The government’s statement released today on the potential Charter impacts of Bill C-14 is insufficient on two important fronts. First, it did not adequately address concerns that the bill excludes many who require medical assistance in death and whose rights were at the forefront of the Supreme Court of Canada’s decision in Carter v. Canada. Second, while CCLA’s Charter First campaign calls for proactive […]
Over the past number of years, crowd-control weapons (CCWs) are increasingly being used in responding to popular protests. In a joint report “Lethal in Disguise: The Health Consequences of Crowd-Control Weapons”, International Network of Civil Liberties Organizations (INCLO) and Physicians for Human Rights (PHR) have documented the health consequences of these weapons. The report aims to raise awareness about the …
Geneva, Switzerland — Over the past number of years, law enforcement and security forces have increasingly turned to the use of crowd-control weapons (CCWs) to respond to popular protests. Today, the International Network of Civil Liberties Organizations (INCLO) and Physicians for Human Rights (PHR) release “Lethal in Disguise: The Health Consequences of Crowd-Control Weapons”, a report […]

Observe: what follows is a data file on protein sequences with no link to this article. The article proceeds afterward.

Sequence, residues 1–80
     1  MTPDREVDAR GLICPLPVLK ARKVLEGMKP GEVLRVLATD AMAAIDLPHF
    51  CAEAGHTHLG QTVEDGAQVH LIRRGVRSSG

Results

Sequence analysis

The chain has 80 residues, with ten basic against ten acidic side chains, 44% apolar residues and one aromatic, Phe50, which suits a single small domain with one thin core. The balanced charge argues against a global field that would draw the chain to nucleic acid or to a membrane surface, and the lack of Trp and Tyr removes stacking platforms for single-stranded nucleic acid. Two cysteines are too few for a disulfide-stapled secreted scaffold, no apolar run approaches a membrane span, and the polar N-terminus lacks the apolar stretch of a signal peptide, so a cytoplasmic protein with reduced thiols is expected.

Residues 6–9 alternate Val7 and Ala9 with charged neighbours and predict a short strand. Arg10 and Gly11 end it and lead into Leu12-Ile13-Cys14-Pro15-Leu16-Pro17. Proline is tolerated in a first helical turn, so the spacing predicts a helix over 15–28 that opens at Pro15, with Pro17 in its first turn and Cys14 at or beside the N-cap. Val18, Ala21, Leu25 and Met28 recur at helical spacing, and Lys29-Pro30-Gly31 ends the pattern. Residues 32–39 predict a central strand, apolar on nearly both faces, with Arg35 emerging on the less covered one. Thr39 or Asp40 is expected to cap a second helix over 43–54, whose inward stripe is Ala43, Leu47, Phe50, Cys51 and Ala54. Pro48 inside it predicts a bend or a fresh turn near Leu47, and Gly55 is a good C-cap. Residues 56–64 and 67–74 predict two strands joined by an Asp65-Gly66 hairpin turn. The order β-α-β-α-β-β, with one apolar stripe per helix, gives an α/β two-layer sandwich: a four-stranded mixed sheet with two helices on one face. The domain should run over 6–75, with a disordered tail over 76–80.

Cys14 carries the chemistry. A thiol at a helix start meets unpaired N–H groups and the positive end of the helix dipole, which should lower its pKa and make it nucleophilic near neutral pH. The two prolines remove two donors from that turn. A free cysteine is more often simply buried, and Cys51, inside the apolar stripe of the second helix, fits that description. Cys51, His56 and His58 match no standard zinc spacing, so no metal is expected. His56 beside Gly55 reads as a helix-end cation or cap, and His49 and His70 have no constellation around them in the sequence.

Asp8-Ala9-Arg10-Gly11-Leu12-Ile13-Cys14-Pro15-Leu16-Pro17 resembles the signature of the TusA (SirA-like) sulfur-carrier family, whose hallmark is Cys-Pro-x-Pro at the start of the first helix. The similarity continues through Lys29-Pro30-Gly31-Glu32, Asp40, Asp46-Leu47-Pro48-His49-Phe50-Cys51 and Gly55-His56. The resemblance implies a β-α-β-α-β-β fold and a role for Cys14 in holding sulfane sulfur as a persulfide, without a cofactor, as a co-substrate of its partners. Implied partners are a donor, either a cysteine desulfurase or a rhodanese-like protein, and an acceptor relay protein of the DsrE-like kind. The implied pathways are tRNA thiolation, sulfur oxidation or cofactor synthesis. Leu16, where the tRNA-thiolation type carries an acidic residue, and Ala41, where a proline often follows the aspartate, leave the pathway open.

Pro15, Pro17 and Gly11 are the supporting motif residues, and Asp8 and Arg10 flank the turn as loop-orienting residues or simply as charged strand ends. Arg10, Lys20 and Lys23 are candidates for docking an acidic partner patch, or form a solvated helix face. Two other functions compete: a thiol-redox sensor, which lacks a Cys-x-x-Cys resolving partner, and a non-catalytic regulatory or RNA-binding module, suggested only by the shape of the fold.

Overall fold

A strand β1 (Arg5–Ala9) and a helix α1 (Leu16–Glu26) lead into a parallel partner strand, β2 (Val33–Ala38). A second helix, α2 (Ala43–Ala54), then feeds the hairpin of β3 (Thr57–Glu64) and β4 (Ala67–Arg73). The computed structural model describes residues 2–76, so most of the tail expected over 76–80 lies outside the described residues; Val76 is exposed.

Know Your Rights
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Do you have a question about your civil liberties? Read something in the news lately that made you wonder about the state of your rights and freedoms in Canada?
The Canadian Civil Liberties Education Trust (CCLET) is a non-profit research and educational organization created by the Canadian Civil Liberties Association.
What We Do
Whether at major events, in the media, or through public advocacy campaigns, we engage with citizens to support democratic action and dialogue.
Through our foundation, the Canadian Civil Liberties Education Trust, we bring important issues into Canadian classrooms and communities.
As a watchdog for civil liberties, we use our network to monitor and report on current issues—both locally and at the international level.
We partner with law firms and the academic community to enable and inform our advocacy work through essential research.
Since the 1960s we’ve defended civil liberties through high-impact legal action and intervention, including at the Supreme Court of Canada.
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